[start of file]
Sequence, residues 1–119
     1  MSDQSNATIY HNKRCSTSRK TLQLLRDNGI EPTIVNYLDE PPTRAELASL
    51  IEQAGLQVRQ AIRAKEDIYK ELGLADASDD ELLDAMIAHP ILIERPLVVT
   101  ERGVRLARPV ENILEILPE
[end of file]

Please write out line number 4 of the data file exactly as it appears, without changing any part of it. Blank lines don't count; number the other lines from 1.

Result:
   101  ERGVRLARPV ENILEILPE